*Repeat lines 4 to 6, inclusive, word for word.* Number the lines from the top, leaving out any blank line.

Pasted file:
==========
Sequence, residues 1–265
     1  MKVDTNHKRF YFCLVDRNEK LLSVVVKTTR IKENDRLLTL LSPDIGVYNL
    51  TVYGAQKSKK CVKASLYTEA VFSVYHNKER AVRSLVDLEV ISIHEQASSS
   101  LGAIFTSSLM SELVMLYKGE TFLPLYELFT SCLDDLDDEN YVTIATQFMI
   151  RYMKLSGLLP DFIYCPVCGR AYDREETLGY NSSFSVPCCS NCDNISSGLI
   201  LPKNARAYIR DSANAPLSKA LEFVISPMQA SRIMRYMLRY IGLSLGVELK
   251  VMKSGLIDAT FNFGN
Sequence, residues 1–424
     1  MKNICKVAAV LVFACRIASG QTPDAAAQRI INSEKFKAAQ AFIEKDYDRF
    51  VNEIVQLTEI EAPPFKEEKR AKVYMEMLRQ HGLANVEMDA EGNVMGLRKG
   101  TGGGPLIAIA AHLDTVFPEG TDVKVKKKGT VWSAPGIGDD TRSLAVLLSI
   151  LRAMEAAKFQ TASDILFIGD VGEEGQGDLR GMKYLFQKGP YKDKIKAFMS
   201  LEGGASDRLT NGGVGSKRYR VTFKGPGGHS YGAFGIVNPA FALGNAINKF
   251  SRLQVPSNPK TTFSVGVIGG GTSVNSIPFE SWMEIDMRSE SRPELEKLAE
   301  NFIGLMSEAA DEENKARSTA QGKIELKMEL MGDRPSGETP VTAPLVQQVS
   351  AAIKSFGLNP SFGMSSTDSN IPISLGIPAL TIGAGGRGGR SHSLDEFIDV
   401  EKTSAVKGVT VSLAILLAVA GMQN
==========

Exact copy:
   101  LGAIFTSSLM SELVMLYKGE TFLPLYELFT SCLDDLDDEN YVTIATQFMI
   151  RYMKLSGLLP DFIYCPVCGR AYDREETLGY NSSFSVPCCS NCDNISSGLI
   201  LPKNARAYIR DSANAPLSKA LEFVISPMQA SRIMRYMLRY IGLSLGVELK